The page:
The STEPWISE framework was (and is) largely designed to promote counter-hegemonic ideological perspectives and practices. Countering neoliberal possessive individualism (Cahill et al., 2018) was, for instance, the primary goal of the original version of the framework. It placed ‘STSE Actions’ at the geometric centre of a three-dimensional tetrahedron, semiotically suggesting that learners could (or should) altruistically ‘spend’ some of their cultural and social capital (Bourdieu, 2002 [1986])—e.g., as literacy in the four other domains (i.e., skills education, STSE education, students’ research and products [‘knowledge,’ like laws and theories] education)—trying to change phenomena in the world in directions aligned with students’ ideological perspectives. For example, after her extensive research into chocolate products and having interviewed peers about their chocolate bar choices and, in that context, having informed them of some of her secondary research findings, a tenth-grade student concluded: ‘[A]fter everything they’d learned [e.g., from her], [they indicated] they’d be less willing to purchase chocolate that they actively knew had been made with child labour’ (Nagi, 2018, p. 39).

Such a claim suggests that this student had determined that youth may be willing to enact underlying ideologies about care for others rather than, for instance, self-interests that often are prioritized by capitalists. From the video-based description (tinyurl.com/y34982nv) of her project, it seems clear that—with reference to Fig. 1 above—she was interested in narrowing ideological gaps between aspects of the ‘World’ (chocolate production) and ‘Signs’ to represent them, such as by educating people about advertisers’ tendencies to focus on individual adult chocolate company workers as one mechanism for distracting consumers from awareness of uses of child labour.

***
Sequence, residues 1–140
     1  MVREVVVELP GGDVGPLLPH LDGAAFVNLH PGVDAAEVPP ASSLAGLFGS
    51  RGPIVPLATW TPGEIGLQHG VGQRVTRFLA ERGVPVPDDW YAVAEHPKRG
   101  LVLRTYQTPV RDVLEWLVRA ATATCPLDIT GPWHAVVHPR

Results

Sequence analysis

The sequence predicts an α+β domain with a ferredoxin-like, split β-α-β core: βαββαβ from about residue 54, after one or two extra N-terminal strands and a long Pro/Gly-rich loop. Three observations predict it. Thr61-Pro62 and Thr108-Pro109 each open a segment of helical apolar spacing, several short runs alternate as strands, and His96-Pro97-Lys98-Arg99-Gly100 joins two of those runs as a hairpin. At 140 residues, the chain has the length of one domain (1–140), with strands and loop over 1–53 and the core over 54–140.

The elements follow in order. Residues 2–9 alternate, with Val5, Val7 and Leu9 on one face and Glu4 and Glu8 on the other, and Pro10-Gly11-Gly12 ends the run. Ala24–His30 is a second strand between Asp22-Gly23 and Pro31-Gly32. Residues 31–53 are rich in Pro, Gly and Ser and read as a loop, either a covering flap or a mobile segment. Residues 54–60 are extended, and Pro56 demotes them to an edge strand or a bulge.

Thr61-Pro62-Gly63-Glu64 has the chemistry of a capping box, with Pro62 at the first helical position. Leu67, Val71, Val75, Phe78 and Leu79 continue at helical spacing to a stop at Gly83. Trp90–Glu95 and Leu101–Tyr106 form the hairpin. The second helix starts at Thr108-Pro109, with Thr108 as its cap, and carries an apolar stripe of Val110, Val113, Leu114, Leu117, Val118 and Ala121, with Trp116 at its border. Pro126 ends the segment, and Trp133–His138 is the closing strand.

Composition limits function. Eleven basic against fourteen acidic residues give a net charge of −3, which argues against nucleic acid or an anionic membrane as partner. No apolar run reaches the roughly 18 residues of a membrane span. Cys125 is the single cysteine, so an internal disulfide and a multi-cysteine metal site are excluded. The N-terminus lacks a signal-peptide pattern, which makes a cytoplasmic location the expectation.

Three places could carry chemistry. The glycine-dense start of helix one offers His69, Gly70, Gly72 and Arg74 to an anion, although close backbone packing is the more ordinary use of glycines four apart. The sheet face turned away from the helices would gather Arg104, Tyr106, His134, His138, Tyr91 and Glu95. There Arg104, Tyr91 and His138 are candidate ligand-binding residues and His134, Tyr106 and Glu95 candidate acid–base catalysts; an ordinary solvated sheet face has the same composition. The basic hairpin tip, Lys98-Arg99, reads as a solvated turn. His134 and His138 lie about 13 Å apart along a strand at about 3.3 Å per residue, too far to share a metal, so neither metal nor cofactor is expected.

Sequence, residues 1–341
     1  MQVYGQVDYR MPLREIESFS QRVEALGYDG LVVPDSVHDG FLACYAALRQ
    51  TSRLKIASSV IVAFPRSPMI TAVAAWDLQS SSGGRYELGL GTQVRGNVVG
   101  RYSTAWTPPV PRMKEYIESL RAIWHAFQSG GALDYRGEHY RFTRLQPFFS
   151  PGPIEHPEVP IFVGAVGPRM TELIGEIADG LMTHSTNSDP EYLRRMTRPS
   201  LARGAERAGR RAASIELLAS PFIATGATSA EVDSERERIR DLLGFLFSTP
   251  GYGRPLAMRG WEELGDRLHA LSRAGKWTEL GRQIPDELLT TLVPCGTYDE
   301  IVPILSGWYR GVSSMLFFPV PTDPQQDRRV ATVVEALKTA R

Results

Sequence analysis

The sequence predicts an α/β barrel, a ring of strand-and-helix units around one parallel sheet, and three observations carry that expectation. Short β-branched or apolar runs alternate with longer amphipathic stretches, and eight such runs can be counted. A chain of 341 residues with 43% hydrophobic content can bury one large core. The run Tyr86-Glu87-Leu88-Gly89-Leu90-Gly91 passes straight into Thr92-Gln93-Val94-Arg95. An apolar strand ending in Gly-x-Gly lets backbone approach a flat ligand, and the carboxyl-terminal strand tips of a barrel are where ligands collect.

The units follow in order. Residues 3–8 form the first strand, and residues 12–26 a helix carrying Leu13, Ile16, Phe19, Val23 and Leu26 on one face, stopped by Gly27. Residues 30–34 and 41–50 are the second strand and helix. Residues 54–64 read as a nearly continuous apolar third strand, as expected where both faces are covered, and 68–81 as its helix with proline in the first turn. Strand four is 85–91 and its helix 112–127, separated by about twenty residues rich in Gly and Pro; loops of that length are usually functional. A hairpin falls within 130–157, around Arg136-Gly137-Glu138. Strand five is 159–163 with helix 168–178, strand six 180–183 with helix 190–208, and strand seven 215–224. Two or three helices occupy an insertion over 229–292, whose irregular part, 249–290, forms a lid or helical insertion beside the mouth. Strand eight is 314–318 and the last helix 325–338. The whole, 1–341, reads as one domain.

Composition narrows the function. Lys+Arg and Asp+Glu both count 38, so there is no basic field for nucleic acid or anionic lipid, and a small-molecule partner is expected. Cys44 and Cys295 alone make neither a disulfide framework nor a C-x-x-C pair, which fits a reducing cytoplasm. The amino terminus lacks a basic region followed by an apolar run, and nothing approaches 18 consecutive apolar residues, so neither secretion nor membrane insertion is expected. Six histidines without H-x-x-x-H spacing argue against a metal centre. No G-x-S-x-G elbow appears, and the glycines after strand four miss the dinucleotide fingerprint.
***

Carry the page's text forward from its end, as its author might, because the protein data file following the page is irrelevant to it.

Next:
To engage students in considering alternative ideological perspectives, the STEPWISE theoretical framework evolved, particularly after teacher feedback, into a more sequential, three-phase, set of teacher-led lessons and student activities. Based on constructivist learning theory (Osborne & Wittrock, 1985), it begins with students reflecting on and expressing their pre-instructional attitudes, skills and knowledge (‘ASK’)—often regarding different for-profit products and services (e.g., cell phones). Such reflections are intended to be mostly student-directed (albeit with the teacher establishing contexts for reflection) and highly open-ended (with multiple possible conclusions) (Lock, 1990), thus encouraging students to freely express their pre-instructional ASK. In doing so, they may, perhaps tacitly, express ideological positions that underlie their conceptions of current ‘normalized’ states of being (Foucault, 1995). In responding to relatively divergent questions like, ‘What do you like and dislike about this item [commodity] and for what reasons?,’ ‘What individuals and/or groups would agree or disagree with you, and for what reasons?’ and ‘What do you suggest should be done about harms you believe are linked to this item?,’ students’ stated conceptions tend to vary, but many or most are relatively reductionist and de-problematized—indicated by their claims, for example, that cell phones are widely appreciated, but expensive and often ‘needing’ replacement when new features are advertised.